Could Brexit be bad for your mental and physical health?

As we saw with the recession in Ireland, a bad economic jolt can lead to huge emotional distress and increased risk of cardiovascular disease

 

Could Brexit be bad for your mental and physical health? Apart from a feeling of sadness, most of us, I think, have looked on Brexit as a weird reality show – sometimes hilarious and sometimes boring.

Yet, we know the recession in Ireland led to huge emotional distress for many people – so a bad economic jolt can harm the minds and bodies of individuals.

The stress-effect of Brexit started quickly in the UK: prescriptions for antidepressants rose after the leave vote in 2016. Here, it’s been slower to arrive but as the threat of that economic jolt gets closer I suspect that more people than we know of are having sleepless nights.

By the time you read this, a miracle may have occurred: God may have emerged triumphant from the garden shed into which He locked Himself to hammer out a solution to the Irish backstop. Probably, though, He is still inside the shed refusing to come out.

Among the main contributors to stress are a lack of control and of predictability with potentially unpleasant consequences. If you are driving along a strange country road in rain and dark, running out of petrol, and with your phone battery dead and hence no sat-nav, you will almost certainly be stressed. It could be that around the next turn you will see the lights of a petrol station which is still open and beyond that you will see the road to wherever you want to go. But right now you don’t know that because you don’t have predictability. And with a dead phone, a rapidly falling petrol supply and the darkness of the countryside, you think you have less control than you actually have. So you’re stressed.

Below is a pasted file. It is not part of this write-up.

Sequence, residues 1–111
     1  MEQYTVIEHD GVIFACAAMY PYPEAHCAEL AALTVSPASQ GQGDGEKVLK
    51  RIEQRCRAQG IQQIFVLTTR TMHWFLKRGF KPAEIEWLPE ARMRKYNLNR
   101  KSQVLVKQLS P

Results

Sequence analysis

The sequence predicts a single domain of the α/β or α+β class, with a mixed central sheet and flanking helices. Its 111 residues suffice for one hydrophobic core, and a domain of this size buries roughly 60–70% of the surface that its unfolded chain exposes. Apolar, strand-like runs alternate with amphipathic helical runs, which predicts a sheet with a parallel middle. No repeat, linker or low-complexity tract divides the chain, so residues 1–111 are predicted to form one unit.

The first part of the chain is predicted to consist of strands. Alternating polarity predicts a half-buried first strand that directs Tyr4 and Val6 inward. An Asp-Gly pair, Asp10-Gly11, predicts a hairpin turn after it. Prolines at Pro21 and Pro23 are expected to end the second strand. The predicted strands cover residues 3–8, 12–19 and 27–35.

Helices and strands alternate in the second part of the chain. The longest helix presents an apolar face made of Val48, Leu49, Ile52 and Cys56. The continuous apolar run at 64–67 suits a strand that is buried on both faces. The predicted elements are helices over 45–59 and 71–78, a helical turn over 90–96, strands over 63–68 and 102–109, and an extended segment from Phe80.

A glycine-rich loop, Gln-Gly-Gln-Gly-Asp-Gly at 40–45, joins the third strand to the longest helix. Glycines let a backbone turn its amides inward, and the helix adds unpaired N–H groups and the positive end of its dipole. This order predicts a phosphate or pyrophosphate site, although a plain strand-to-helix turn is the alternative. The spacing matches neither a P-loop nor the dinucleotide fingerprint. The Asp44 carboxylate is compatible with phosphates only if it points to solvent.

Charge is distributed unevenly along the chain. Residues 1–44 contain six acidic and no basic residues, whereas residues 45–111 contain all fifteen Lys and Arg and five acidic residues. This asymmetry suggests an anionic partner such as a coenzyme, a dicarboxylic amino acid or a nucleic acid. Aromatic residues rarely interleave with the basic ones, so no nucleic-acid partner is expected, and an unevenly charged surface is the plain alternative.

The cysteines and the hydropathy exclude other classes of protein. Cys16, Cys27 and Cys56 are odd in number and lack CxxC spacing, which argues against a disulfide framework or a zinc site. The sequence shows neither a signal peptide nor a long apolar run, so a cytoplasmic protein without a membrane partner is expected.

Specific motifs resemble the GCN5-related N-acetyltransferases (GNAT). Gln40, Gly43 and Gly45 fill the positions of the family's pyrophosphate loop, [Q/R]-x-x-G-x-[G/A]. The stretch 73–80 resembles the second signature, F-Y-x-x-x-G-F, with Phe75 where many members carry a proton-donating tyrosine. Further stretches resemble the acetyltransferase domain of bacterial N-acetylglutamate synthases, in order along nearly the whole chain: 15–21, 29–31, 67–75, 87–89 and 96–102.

I won’t labour the comparison with Brexit because it’s obvious. But if you do business with anybody in the UK or receive an income in sterling from the UK, then you already have at least two of the ingredients for an increase in stress.

Emotional impacts on mental health in the UK include increases in a sense of powerlessness, anger and worry for both remainers and leavers. In Ireland, I should think that anger will be less of a factor among those affected but powerlessness and worry will increasingly make themselves felt as we get closer to wherever it is that we are going.

Stress has real-life effects on the human body as is spelt out by Prof Brian Hughes, of NUI Galway, quoted by the American Psychological Association in its Monitor on Psychology.

Impact of Brexit

Prof Hughes is researching the impact of Brexit and his particular interest in his field is the damage stress does to the heart and the cardiovascular system. “In addition to the damage constant physiological arousal can cause,” he says, “people may use unhealthy strategies such as overeating, not exercising and resorting to nicotine, alcohol or other substances to cope with Brexit-related stress.”

Physiological arousal means an increase in blood pressure.

We get stressed not only by what’s happening now but by reliving stressful events from the past and by thinking, in a dramatic and exaggerated way, of stressful events to come.

This is called “catastrophising” and if there is one mental habit you really need to avoid if you are going to be affected by Brexit, that’s the one. Catastrophising is an act of the imagination because it’s about things that haven’t happened yet and may not happen – but it can stress you out and do you harm.

Sometimes, you can stop catastrophising by doing some planning, or getting advice – in other words taking useful action. Sometimes you can do it by occupying yourself with something different: walking, running, gardening, crossword puzzles, cooking, knitting, football, going to the gym, playing with the kids with full attention, gaming – it doesn’t really matter so long as it’s healthy.

And if you can avoid catastrophising you might just be able to see that turn on the road ahead that could take you where you want – or need – to go, instead of driving into the ditch.

– Padraig O’Morain (@PadraigOMorain) is accredited by the Irish Association for Counselling and Psychotherapy. His latest book is Kindfulness. His daily mindfulness reminder is free by email (pomorain@yahoo.com)

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